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Alexis Pauline Gumbs’s Groundbreaking Poetic Trilogy
Engaging with Black Feminist Scholars Continues in M Archive

by Zaina Alsous

M Archive: After the End of the World (Duke University Press) is the second book in Durham-based "poet, activist, and queer black troublemaker" Alexis Pauline Gumbs's groundbreaking poetic trilogy …
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Dr. Alexis Pauline Gumbs: An Inside Look

Where can we even begin?! Alexis lives, breathes and exudes love in all that she is and creates. She is an incandescent warrior of love. She reminds us of all the ways that LOVE is a VERB. She is truly a visionary …
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These Heroes Are Saving Black Feminist Classics
by Putting Them On Wheels


When Alexis Pauline Gumbs thought she’d lent all her copies of The Salt Eaters to friends, she called every bookstore in her area to find another copy. But none of them carried the book — Toni Cade Bambara's classic novel about black people searching for healing — and that didn’t sit right with Gumbs.


"We envision the bookmobile as a revolutionary vehicle that transforms space. The bookmobile itself and the book installations we create will have the capacity to transform any space into a reading room connected to generations of Black feminist brilliance," Gumbs told the INDY.


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“Spill” Maps a Future In Which Black Women Inherit the Universe.

by Zaina Alsous

Review: M Archive

M Archive: After the End of the World synthesizes black feminist theory as creative urgency. In her opening note, Alexis Pauline Gumbs writes: “this speculative documentary work is written from and with the perspective of a researcher, a post-scientist sorting artifacts after the end of the world.” M Archive exposes how we destroyed ourselves, our earth, air, water, and sky...
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In Audre Lorde’s 1985 essay “Poetry Is Not a Luxury,” she expresses the urgency of poetry, especially for women of color, as a tool for liberation. This mandate is fully alive in Alexis Pauline Gumbs’s necessary and stunning debut poetry collection Spill: Scenes of Black Feminist Fugitivity, in which we follow Black women in modes of escape, rebellion, and redemption, traversing outside the confines of time and space.
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POESIA Journal


Interview with Alexis Pauline Gumbs

Issue 29.2 features poetry  by Alexis Pauline Gumbs, who is a Black feminist love evangelist of Afro-Caribbean ascendance who lives in Durham, North Carolina.   Alexis is the founder of the Eternal Summer of the Black Feminist Mind. She is widely published in the fields of Black feminist literature, mothering and diaspora.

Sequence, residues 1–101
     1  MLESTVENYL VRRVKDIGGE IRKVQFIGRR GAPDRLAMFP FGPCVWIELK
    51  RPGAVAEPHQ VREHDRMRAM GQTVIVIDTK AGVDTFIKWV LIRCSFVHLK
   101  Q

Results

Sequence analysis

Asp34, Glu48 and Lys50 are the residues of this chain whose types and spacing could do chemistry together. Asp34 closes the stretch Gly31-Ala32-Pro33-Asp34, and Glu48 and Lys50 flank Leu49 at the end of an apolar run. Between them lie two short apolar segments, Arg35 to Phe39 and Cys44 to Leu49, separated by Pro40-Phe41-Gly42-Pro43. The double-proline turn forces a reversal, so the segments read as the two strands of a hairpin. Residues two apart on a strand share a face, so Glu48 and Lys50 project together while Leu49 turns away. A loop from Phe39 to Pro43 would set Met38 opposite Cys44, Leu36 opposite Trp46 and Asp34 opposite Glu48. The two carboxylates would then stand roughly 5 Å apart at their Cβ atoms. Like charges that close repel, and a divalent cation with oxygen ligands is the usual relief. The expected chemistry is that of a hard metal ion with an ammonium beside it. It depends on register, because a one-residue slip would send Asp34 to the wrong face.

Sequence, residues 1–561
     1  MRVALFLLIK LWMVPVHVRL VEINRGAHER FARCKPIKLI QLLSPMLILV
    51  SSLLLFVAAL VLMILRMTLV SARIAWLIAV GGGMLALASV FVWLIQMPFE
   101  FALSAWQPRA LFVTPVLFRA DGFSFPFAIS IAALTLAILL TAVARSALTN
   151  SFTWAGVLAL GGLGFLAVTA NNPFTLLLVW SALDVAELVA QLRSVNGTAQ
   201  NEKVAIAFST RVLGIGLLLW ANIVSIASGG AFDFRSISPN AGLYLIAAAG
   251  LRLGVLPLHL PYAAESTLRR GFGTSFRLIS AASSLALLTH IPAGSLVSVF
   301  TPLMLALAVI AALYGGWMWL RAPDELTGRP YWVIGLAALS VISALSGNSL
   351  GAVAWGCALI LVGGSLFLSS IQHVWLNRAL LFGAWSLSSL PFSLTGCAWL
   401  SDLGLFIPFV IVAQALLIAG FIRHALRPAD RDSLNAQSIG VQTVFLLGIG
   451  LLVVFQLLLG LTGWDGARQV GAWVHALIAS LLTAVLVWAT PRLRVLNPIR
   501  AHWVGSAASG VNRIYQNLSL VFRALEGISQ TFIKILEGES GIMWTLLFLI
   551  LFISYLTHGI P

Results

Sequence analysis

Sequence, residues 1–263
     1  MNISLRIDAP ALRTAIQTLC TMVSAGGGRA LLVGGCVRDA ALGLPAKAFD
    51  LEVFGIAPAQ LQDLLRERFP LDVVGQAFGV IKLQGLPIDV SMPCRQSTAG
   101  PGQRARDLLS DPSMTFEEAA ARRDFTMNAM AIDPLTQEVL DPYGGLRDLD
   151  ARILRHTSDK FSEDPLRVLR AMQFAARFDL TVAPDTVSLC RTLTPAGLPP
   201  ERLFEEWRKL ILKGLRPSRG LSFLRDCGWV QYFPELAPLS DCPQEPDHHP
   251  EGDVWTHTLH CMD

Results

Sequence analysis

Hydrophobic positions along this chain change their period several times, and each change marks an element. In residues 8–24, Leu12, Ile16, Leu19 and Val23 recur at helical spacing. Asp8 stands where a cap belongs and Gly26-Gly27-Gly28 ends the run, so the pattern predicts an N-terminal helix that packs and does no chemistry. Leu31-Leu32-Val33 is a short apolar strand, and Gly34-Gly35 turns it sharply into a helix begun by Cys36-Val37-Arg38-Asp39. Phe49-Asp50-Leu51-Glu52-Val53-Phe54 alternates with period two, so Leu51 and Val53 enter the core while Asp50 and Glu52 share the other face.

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We Stay in Love with Our Freedom:
A Conversation with Alexis Pauline Gumbs

TO TURN THE PAGES of Spill is to watch the invisible become flesh from the language of humming, longing, living, and dying. Drawing from the deep aquifers of the work of Hortense Spillers, American literary critic and Black feminist scholar Alexis Pauline Gumbs’s poetry is an overflow and offering of Black voice. It is a voice mostly for Black women that illuminates a world critically and lovingly restored with dimension and structure by the work of Hortense Spillers.

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We Are Always Crossing:
Alexis Pauline Gumbs by Mattilda Bernstein Sycamore

Alexis Pauline Gumbs is a writer who politicizes the archive—not the rarefied commodity within gated institutions, but the daily practice of documenting, inspiring, and engaging with Black feminist resistance. In M Archive (Duke University Press), the second book in an experimental triptych, Gumbs looks back on our current cataclysm from the perspective of a future world in ruin. In this “speculative documentary work,” Gumbs borrows from many disciplines in order to investigate, evoke, and maybe even provoke “the fall, the break, the breakdown, the break-up, the breakthrough.”

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Poet, Independent Scholar, and Activist

Gumbs grew up in “tokenizing spaces” where she found herself to be the only Black or queer person. As a result of her unique identity and peculiar set of oppressions compared to others, Gumbs has always been on edge, prepared to be “misunderstood” and “disrespected.” She expected people to “tolerate her at best” and “to have to fight for dignity that isn’t so freely granted to people of color and/or members of the LGBTQ community. However, Gumbs’ father always managed to channel his daughter’s expectations into “transformative love,”


The Cascadian Subduction Zone Journal Feature

Pouring Poetry

Spill establishes itself as a meditation on escape, beginning with its cover. The art is provided by Kenyatta A.C. Hinkle and is part of the artist’s Tituba series. Entitled Now There Are Three Ways to Get This Done: Your Way, Their Way, or My Way, the painting features a triple-faced female figure, with one mouth screaming, one mouth whose breath gives shape to the third’s face, and one mouth wide open, vomiting forth a colonial map of the western coast of Africa.